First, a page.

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Money Saving Tips From Frugal Readers

Frugal living is thriving, and the mail bags have been overflowing with creative ways to keep more dollars in your pockets and purse.

Read more Oily Rag articles by Frank and Muriel Newman

Frugal living is thriving, and the mail bags have been overflowing with creative ways to keep more dollars in your pockets and purse. Our oily rag webmaster was telling up the other day that we get more than 100,000 visitors to web site a year – most from Oilyragaroa but an increasing number from overseas. This week we have a tip from Scotland, but first, some suggestions from the Bay of Plenty area.

P.R. from Kawerau has a couple of good ides – the first, a nifty tip for a mini garden: “Use a couple of old car tyres placed on top of each other, then put all your potato peelings inside, covered with some compost and dirt, then topped up with lawn clippings. Before long, you'll have a tyre full of fresh potatoes.”

P.R. also writes, “When cleaning your wood box out, or cleaning your wood shed, shovel all remaining bits of wood etc onto some newspaper then wrap up. This can be placed into your fire when lighting it or as a quick fire boost.”

Lisa from Whakatane is bubbly about bubble wrap: “In response to your article about keeping warm in winter I would like to share my enthusiasm for bubble wrap. It simply sticks on a window with a little water. It is amazing what a big difference it makes to the temperature in the house. If you’re lucky you can find free bubble wrap (some businesses receive their goods in it and throw it away), but it is not too expensive at stationary retailers. On frosted windows it is hardly visible. On windows with a view (such as the living room) I put it up when I draw the curtains and take it down again in the morning. I am very very happy with it.” What a great use for bubble wrap!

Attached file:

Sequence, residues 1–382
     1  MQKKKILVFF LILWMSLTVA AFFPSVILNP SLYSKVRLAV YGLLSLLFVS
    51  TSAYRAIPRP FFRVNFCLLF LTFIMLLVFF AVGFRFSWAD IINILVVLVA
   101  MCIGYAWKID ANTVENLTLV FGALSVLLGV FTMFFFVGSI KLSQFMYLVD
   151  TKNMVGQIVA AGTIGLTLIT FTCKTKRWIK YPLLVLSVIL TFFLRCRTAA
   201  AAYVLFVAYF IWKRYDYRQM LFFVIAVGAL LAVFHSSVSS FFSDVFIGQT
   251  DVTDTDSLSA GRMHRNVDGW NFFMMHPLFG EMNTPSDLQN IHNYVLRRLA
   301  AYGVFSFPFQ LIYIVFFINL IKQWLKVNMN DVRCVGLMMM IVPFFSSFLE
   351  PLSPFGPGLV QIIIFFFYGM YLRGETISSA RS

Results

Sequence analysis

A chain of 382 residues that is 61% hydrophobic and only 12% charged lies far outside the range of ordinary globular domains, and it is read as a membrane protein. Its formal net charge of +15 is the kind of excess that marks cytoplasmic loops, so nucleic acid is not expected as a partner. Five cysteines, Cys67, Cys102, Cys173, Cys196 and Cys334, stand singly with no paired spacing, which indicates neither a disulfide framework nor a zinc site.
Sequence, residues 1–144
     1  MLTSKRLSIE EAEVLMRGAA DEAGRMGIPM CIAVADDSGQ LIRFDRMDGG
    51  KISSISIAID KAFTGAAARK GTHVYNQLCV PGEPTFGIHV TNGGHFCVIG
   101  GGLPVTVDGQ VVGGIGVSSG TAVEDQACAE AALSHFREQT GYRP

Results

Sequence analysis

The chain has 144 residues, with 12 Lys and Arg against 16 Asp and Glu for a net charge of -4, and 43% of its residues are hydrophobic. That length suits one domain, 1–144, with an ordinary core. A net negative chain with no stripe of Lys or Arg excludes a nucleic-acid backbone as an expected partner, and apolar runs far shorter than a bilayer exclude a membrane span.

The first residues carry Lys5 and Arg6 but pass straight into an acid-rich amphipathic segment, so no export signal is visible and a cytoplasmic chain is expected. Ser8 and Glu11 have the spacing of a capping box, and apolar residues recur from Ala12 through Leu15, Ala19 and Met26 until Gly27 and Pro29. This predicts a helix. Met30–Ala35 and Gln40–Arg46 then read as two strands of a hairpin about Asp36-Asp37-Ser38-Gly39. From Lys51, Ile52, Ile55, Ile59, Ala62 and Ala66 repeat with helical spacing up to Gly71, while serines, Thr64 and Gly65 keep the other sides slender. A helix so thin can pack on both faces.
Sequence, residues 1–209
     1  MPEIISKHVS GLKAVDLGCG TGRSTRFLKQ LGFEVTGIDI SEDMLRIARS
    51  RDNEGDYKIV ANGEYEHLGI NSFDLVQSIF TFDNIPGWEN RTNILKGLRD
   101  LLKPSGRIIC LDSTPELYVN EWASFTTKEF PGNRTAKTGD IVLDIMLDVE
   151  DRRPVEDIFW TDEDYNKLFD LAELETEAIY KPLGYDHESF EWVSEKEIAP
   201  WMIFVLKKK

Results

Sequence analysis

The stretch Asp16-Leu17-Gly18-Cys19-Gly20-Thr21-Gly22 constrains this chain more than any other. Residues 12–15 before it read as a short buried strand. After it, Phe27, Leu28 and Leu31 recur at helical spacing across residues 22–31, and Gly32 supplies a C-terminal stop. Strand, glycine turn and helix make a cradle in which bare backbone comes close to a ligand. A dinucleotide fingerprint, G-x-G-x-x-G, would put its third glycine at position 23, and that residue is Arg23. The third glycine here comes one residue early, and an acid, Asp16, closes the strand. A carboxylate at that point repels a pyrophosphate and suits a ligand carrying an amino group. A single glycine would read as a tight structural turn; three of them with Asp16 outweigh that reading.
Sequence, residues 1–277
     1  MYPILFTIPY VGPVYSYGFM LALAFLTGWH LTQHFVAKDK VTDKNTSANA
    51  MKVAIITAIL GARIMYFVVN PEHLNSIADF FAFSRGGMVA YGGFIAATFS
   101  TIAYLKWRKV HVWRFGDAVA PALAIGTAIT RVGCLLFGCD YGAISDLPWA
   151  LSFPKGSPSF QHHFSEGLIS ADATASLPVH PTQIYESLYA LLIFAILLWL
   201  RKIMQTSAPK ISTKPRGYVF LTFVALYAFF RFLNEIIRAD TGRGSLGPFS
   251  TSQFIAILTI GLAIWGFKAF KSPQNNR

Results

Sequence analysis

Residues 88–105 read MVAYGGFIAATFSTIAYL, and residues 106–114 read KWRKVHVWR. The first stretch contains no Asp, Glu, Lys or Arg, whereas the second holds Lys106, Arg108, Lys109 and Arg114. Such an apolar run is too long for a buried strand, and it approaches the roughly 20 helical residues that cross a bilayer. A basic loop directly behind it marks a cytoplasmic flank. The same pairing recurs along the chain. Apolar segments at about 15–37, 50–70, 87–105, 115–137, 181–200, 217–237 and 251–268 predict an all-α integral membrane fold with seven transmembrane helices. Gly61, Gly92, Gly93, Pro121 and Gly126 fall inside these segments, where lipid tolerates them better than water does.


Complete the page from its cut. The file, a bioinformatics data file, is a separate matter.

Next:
Penny from Balquhidder in Scotland writes, “I was reading in the soap category, that someone was looking for Pearsons sand soap. On the internet [eBay] I saw lots of what is called 'pumice soap' which is the same thing – much beloved by chimney sweeps, motor cycle restorers and farmers. If one is mushing up ends of soap, why not add some pumice powder and make your own?”

Impala writes from Lower Hutt, “There are many very good markets other than Farmers Markets. For example, the Lower Hutt Riverbank market attracts massive crowds – the main attraction is still the fruit and vegetables.”

S from Christchurch has a tip for making silver beet more appealing to young ones: “Children prefer the taste of the coloured "Bright Lights" silver beet as it is sweeter tasting than regular silver beet. Looks more interesting too.” What a great addition to a children’s garden!

A reader from Wanganui has a question for oil raggers. “I am looking for a bread slicer for my home. I saw one for $55 dollars which was too expensive for me. An electric knife makes it easier but won’t give even slices. If somebody knows about a not very expensive bread slicer, please let me know”. If you can help out, contact us via the and we will pass your comments on.

May from Northland replies to a tip from Tamzin who was turning her water cylinder off at night but finding her power bill was not going down: “What's happening is that the power is being used heating the water up again. This will keep happening so it's better to leave it on and find other ways to save costs, like getting rid of leaks, limiting hot water usage, and insulating the hot water cylinder.” The general Oily Rag Rule of Thumb is that if you have a modern cylinder it’s not likely to be worth your while turning it off – unless you are heading away for about a week.

Frank and Muriel Newman are the authors of Living off the Smell of an Oily Rag in NZ. If you have a favourite money-making or money-saving tip, please send it in to us so that we can share it with others. You can contact us via the oily rag website ( ) or write to Living off the Smell of an Oily Rag, PO Box 984, Whangarei.

* Frank and Muriel Newman are the authors of Living Off the Smell of an Oily Rag in NZ. Readers can submit their oily rag tips on-line at The book is available from bookstores and online at